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Goldfish
 

By Sofie Schwallie

  1. Reflective
    Reflective
    By Jack Rarer

          Goldfish is an oil on canvas painted by Henri Matisse in 1912.  This still-life is 147 x 98 cm. Currently, this work resides in the Pushkin Museum in Moscow, Russia, but was painted in Issy-les-Moulineau, France, where Matisse moved to escape the hectic Parisian lifestyle.
          To truly understand Goldfish, it is important to understand Matisse’s background and the meaning of goldfish in European culture by examining history books and biographies of Matisse.  Throughout the early 20th century, Matisse pursued the subject of goldfish with works such as Goldfish and Palette and Interior with a Goldfish Bowl due to his obsession with the goldfish sold at his father’s store during his youth.  His fascination was furthered by his first trip to Morocco (1906) where his attention was caught by the goldfish bowls that Moroccan carpet dealers used as “objects of contemplation” (Blum 54).
This work was painted as part of a series from the spring and summer from that year, which revolved around Morocco and its sights.  By depicting his experience through art, Matisse not only emphasizes the impact that Morocco had on his development as an artist but indicates what he found fascinating about Moroccan life, especially after living in chaotic Paris.  Most of the paintings from this series are painted in pastels in contrast to his usual bold and bright colors, which convey a sense of calmness, not dissimilar to the way Europeans saw the Moroccan way of life.
         Goldfish were first introduced to Europe from Asia in the 1600s, and gained popularity quickly afterward.  During the early 20th century, goldfish also served as a popular subject for artists who were interested in Orientalism.  This movement took place during the European colonization of Africa and was meant to depict Arab cultures in a way that contrasted heavily with the European way of life.  It depicted Arab life as “exotic” and “mysterious,” which, in contrast to the fast-paced European lifestyle, showed the Moroccans as more relaxed and living a much slower-paced life.  In concurrence with this movement, Matisse depicted such a calm mood in The Arab Café (1913).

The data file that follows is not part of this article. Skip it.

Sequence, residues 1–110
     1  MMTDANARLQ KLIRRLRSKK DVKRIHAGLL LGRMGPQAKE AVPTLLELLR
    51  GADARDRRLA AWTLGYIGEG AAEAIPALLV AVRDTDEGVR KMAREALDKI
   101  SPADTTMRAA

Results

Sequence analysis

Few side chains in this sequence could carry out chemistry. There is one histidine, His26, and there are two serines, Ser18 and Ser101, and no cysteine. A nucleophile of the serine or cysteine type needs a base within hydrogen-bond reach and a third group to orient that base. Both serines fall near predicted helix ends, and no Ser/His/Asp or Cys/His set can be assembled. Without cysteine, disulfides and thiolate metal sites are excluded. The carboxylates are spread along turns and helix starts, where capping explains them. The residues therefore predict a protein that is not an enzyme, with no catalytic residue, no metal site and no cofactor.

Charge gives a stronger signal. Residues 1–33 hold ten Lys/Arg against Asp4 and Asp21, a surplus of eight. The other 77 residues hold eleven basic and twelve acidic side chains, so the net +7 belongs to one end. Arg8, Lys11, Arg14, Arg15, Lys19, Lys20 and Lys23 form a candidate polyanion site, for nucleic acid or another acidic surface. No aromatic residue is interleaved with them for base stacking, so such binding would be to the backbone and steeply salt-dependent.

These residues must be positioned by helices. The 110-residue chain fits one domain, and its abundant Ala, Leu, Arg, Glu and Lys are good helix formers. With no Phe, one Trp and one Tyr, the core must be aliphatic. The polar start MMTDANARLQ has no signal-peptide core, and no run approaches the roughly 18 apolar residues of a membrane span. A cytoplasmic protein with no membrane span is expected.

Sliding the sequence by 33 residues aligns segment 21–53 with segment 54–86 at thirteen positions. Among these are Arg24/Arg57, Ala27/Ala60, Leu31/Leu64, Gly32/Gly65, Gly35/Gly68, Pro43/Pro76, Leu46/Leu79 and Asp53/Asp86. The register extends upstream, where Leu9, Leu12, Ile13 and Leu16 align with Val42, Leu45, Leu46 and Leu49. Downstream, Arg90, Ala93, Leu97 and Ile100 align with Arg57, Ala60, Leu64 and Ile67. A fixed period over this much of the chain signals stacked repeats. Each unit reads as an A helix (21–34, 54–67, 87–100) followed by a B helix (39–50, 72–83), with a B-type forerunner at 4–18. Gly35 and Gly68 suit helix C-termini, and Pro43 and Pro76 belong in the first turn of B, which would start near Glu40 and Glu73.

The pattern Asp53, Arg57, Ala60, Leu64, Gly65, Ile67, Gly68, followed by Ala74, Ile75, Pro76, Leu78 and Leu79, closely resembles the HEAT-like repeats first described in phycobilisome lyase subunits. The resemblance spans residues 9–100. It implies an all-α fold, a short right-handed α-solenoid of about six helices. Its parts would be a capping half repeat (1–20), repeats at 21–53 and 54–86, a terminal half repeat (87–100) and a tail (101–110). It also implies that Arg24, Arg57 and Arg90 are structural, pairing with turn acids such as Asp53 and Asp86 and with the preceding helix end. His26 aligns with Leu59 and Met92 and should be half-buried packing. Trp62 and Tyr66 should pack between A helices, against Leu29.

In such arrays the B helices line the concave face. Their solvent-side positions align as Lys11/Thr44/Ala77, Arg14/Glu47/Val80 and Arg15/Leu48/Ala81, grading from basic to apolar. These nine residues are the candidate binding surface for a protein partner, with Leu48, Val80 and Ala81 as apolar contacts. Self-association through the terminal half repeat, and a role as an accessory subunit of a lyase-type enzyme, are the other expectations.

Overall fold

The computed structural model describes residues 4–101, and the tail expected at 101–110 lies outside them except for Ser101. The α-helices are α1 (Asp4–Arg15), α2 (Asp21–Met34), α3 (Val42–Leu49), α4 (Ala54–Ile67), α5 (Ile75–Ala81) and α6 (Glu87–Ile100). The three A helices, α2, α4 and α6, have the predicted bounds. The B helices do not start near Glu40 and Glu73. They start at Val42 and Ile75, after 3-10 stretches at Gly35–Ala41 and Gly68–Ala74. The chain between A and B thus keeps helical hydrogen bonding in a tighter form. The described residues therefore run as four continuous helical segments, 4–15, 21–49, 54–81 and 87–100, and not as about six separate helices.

This was painted during the Fauvist movement.  This movement was aimed at emphasizing colors as a unique entity of the painting and at creating balance within the work.  Matisse presents these elements in Goldfish by emphasizing the color of the fish and the surrounding plants but balancing their bright color with relatively muted colors in the background.
           Like many of Matisse’s works, what really stands out about Goldfish is the colors.  Matisse uses contrasting red, green, pink, black, and yellow.  This emphasizes different objects throughout the painting, causing movement of the viewer’s eyes from one object to another.  The focal point of the work is the three fish depicted in the center of the painting. They are captured mid-motion, swimming about a cylindrical vase in the middle of a heavily planted room.  The reflection of the fish through the top of the vase depicts them as just strokes of color, presenting the influence of the Fauvist movement in this piece. The eye is next directed towards the abundance of plants surrounding the vase.  The plants surrounding the vase on the top are painted in a pattern, arranged in an almost decorative style, and contrast with the bright fish with their pastel appearance. The combination and balance of the shapes and colors of the plants and fish create a sense of wholeness in the painting.
           Goldfish has taught me that true understanding of a work of art comes from understanding the history behind it.  The appearance of Goldfish and the ways that Matisse uses colors and shapes within the work only scratch the surface when it comes to in-depth analysis of the piece.  Analyzing concurrent art movements and their significance presented the piece in a new light and allowed me to understand why Matisse painted this specific subject matter and why he used specific techniques when doing so.  This piece also left me with a new understanding of how his trips to Morocco both reflected his previous beliefs and temporarily changed aspects of his style. Overall, a more in-depth analysis of Goldfish left me in awe of it in a way I wasn’t before. 

Works Cited
Blum, Shirley Neilsen. Henri Matisse: Rooms with a View. Thames & Hudson, 2010.
      “Fauvism Movement, Artists and Major Works.” The Art Story, The Art Story,                                                     www.theartstory.org/movement-fauvism.htm.
Kimmelman, Michael. “ART VIEW; How the Spirit Of Morocco Seized Matisse.” The New York Times
       The New York Times, 18 Mar. 1990, www.nytimes.com/1990/03/18/arts/art-view-how-the-spirit-of-              morocco-seized-matisse.html.
Korchina, Natalia. “Goldfish by Henri Matisse - History, Analysis & Facts.” Arthive, Arthive,                                  arthive.com/artists/1541~Henri_Matisse/works/217693~Goldfish.
“Matisse, Goldfish.” Khan Academy, Khan Academy, www.khanacademy.org/humanities/ap-art-                         history/later-europe-and-americas/modernity-ap/a/matisse-goldfish.
“The Goldfish, 1912 by Henri Matisse.” Henri Matisse, Www.HenriMatisse.org, 2011,                                               www.HenriMatisse.org.
“What Is Orientalism?” Arab American National Museum, Reclaiming Our Identity: Dismantling Arab               Stereotypes, arabstereotypes.org/why-stereotypes/what-orientalism.



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